Opened to the public in 1984 the building has become a landmark in its own right. In an area that draws tourists from all over the world keen to steep themselves in the history of the Texas Revolution, the haunted Emily Morgan Hotel has become an attraction in its own right.
A Brief History of The Emily Morgan
Built in 1924 as the Medical Arts Building, the thirteen story structure functioned as a working hospital until closing its doors in 1976.
Used as office space for the next eight years, it was then re-imagined in its current incarnation in 1984 when it opened as a hotel. Standing on The Alamo Plaza the hotel casts a protective shadow over the historic mission where so many laid down their lives for Texas.
How appropriate then that it was named after one of the heroines of the Texas revolution. Born Emily West in the early 1800s, this beautiful young woman took on the surname of her employer Colonel James Morgan.
Captured by the Mexicans she took full advantage of her looks when she had the opportunity. Knowing that the Texans were about to charge, Emily is said to have distracted the Mexican Captain Santa-Anna, long enough for him to fail to organise a response.
Immortalized first in the song ’The Yellow Rose of Texas’, the self -styled official hotel of The Alamo, now proudly bears her name.
The Ghosts of The Emily Morgan
Said to be the third most haunted hotel in the U.S.A, the Emily Morgan Hotel is perhaps not an obvious choice for restless souls. Even so non-believers who arrive as skeptics are said to depart the hotel convinced that they have had a supernatural experience.
Perhaps the answer lies in the medical background of the building. As well as being concerned with medical research, the building had surgical and psychiatric wards on the upper floors.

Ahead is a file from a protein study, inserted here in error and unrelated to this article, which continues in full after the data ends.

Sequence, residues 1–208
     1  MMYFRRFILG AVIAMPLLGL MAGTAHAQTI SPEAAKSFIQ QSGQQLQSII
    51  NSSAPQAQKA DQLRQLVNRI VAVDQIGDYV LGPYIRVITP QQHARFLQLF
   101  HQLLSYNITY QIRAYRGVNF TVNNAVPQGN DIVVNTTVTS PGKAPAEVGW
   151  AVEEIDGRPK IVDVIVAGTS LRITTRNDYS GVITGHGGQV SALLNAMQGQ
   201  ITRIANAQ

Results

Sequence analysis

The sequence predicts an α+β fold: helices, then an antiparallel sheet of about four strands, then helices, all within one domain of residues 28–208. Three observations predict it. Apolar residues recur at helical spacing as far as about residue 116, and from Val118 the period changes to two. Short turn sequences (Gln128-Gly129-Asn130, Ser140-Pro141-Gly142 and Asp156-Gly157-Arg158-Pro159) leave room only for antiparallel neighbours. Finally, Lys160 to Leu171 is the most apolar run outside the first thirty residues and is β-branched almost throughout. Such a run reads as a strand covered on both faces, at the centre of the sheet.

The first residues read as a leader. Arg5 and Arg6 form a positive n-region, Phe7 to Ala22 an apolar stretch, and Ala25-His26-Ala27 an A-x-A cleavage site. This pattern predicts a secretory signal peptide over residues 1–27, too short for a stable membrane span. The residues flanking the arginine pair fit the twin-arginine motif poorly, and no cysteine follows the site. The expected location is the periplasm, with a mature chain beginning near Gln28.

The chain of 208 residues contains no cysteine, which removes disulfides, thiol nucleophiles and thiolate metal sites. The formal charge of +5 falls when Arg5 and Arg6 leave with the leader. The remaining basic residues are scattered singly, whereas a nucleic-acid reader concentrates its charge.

Another explanation is that the powerful paranormal energy of the nearby haunted Alamo Mission permeates the hotel’s walls drawing in ghosts and poltergeists.
Reports of paranormal activity began to circulate almost as soon as the hotel opened. Staff would report telephones ringing constantly, with nobody on the other end, lights switching themselves on and off and elevators stopping and starting on their own.
One live-in member of staff returned to her room one night to find her bathtub had been filled with water. When she looked again the water had changed colour and was now a deep shade of blue.
Those living through these strange experiences began to detect a pattern. It soon became apparent that the 3rd, 7th, 9th, 11th and 12th floors were the most active.
3rd Floor: The 3rd floor is said to be haunted by a small child. Guests have reported being awoken by the sound of humming and a child singing.
One female guest reports waking up and finding a little girl sitting on the end of her bed. The happy little girl asked the woman if she would like to join her in a song before disappearing before the woman’s eyes.
The next evening the little girl returned again, slipping silently into bed next to the terrified woman and taking hold of her hand.
7th Floor: Dark shapes and shadow people are said to wander and flit about this floor. Suddenly caught in the corner of the eye, they will disappear almost immediately. One unfortunate family witnessed a full body apparition which disappeared through a brick wall.
9th Floor: A family staying on the ninth floor endured a very disturbing weekend. Noises coming from the guests in the next room kept them constantly awake. Doors continually slammed.
The sound of the toilet seat being repeatedly lifted and dropped down with force was heard over and over. Coffee pots and wine bottles were upset and spilled for no apparent reason.